Mar 13, 2018

Sizing up Queensland’s ‘infrastructure cliff’

Sizing up Queensland’s ‘infrastructure cliff’

Fears regional Queensland is facing an infrastructure cliff have sparked a research project into the state’s in-ground assets.

The research is being supported by the Queensland Water Regional Alliances Program (QWRAP) which is funded by the Department of Natural Resources mines and Energy in partnership with LGAQ, qldwater and participating water service providers.

Qldwater director, innovation partnerships Rob Fearon and project co-ordinator/researcher Ryan Cosgrove have released a report outlining the expected extent of the problem throughout the state.

There is particular concern for regional areas due to the economic challenges of extensive network rehabilitation for smaller communities. There are about 42,000 km of in-ground water pipes in Queensland and 33,500 km of sewers.

“We have collected data from around the state – about 75 per cent of the asset records for water and sewerage pipes from utilities around Queensland,” Dr Fearon said.

“We were looking at the age of the pipes, the materials they are made from and their size as well as modelling when they might come to the end of their useful life.

“The second stage of the study will analyse what the costs of those repairs and replacements might be and what some of the options are for utilities across Queensland to address the aging of mains. Careful investment can smooth out the potential infrastructure cliff.”

A large amount of the state’s underground infrastructure was installed during a nation-building period following WWII. The report shows around a third of Queensland’s pipes are made from AC and estimates the total length of AC pipes as being around 22,000km.

“There is wide variation but AC pipes typically last about 70 years,” Dr Fearon said.

Qldwater director, innovation partnerships Rob Fearon

“Some operators have found very old pipes that still look like new, while others report digging down and finding that the pipe is completely eroded and all that is left is a hole.

“What it comes down to is that there are a whole range of factors – how aggressive the water is inside the pipes, how aggressive the environment is outside the pipes, what pressure they are under, what loading they are under  – even whether they were laid with love and care or in a bit of a haphazard manner.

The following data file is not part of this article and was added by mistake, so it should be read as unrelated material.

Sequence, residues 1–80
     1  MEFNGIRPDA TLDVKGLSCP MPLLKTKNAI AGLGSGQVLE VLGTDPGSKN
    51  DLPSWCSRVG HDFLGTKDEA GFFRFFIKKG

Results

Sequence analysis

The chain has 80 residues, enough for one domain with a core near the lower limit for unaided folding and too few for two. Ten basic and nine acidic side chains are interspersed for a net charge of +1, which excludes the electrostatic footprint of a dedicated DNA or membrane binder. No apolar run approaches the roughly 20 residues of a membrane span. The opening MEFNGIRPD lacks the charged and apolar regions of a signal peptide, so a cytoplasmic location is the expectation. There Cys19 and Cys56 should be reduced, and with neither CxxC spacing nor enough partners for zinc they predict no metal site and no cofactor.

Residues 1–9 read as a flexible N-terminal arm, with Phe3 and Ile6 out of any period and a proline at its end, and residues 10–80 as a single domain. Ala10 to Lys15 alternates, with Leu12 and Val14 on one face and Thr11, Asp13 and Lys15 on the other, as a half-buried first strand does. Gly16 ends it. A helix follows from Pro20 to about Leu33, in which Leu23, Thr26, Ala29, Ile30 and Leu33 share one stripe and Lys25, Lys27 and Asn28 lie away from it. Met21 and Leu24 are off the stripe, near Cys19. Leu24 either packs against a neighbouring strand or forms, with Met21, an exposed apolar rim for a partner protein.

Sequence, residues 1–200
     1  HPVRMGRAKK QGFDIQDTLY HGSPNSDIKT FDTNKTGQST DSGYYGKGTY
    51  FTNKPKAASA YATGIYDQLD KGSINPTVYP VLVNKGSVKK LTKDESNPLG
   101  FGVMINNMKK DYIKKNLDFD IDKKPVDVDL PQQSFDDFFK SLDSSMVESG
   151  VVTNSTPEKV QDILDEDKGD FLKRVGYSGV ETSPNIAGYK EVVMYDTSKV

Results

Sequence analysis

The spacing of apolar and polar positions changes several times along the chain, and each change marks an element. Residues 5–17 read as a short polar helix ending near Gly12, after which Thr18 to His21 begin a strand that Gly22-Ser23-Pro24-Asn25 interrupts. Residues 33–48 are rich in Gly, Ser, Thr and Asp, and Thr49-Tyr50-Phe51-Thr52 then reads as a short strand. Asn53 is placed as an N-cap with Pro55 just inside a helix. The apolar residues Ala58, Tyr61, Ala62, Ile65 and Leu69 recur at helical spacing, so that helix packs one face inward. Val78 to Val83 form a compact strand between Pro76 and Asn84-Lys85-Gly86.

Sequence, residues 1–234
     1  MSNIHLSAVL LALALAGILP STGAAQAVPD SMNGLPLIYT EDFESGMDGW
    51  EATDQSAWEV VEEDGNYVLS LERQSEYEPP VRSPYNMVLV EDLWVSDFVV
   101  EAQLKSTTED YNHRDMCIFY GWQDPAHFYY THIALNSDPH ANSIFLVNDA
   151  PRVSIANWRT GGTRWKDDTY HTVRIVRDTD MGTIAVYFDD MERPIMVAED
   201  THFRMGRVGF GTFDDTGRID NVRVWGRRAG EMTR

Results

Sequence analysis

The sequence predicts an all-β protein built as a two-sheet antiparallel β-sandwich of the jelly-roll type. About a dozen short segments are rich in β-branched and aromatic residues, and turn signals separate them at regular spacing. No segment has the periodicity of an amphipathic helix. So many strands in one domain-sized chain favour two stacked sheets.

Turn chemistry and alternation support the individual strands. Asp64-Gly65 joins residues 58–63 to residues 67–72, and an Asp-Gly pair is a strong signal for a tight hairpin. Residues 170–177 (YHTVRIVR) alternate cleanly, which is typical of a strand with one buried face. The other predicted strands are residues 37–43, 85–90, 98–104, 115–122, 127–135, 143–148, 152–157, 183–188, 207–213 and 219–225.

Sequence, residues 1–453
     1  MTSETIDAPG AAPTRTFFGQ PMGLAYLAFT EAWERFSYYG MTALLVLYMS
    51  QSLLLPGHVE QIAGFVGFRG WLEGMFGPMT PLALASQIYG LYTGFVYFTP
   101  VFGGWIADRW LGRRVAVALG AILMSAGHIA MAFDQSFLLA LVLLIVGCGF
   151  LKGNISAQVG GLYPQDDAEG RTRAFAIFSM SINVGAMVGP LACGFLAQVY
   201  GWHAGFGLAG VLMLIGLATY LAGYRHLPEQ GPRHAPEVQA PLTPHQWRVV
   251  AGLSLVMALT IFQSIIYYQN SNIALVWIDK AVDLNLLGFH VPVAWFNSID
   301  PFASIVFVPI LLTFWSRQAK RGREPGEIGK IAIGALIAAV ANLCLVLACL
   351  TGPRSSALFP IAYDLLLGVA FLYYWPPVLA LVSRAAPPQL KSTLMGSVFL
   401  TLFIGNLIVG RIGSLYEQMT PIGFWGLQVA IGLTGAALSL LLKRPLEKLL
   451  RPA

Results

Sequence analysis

“Then there are different types of pipe material, even within the asbestos cement range.  It is so variable, it is difficult for utilities to predict when a pipe will come of age.”

Modelling conducted for the study looked at all pipes across the state and suggested that AC water mains breaks are being managed at present but problems will increase rapidly over the next two decades and be four times higher by 2040.

Similar results were projected for sewer networks, which although typically younger than corresponding water schemes are predicted to suffer a more rapid rate of degradation.

The report concludes that a ‘business-as-usual’ approach to infrastructure rehabilitation will not be enough to maintain current standards of service given the ageing in-ground assets across the state.

“The big question is when you should replace them, because it’s not efficient to replace them just before or even just after the first break,” Dr Fearon said.

“It’s best to replace most pipes when the cost of repairing becomes higher than the cost of replacement. But there is not a lot of specific information out there about when you should replace individual pipes rather than relining or repairing them.”

The extent of AC pipe repair and replacement work necessary in regional centres throughout Queensland varied quite dramatically and the impact on local authorities would also vary with their size and resources, he said.

“Underground infrastructure is the biggest part of your capital holdings as a public water and sewage utility, so Queensland communities have a lot invested in those assets and for small towns it is proportionately going to be a bigger expense,” Dr Fearon said.

A second report, focusing on the issue in ‘dollar terms’, will include a comparison of costs for replacement versus repair and estimate the impact of different approaches for regional councils given their capacity to pay.

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